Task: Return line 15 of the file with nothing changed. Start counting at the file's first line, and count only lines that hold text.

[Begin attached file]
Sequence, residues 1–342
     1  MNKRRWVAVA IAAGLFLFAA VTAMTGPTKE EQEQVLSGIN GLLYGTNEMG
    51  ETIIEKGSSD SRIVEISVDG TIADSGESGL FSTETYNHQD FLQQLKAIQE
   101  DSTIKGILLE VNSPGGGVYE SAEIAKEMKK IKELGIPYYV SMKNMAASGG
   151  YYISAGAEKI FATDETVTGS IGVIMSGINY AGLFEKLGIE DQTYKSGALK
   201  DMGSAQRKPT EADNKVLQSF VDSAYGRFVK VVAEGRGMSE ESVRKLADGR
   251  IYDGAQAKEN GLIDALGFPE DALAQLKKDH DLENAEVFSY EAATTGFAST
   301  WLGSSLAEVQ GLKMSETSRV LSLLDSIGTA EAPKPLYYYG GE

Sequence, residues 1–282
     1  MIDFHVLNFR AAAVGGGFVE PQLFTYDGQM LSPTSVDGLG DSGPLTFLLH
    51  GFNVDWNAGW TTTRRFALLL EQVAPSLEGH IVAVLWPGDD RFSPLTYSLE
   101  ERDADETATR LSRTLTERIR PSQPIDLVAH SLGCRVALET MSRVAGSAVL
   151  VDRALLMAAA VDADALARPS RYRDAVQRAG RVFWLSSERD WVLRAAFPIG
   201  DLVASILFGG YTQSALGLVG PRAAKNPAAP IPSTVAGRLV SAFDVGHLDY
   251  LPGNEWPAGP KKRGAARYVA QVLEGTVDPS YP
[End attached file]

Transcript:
   251  LPGNEWPAGP KKRGAARYVA QVLEGTVDPS YP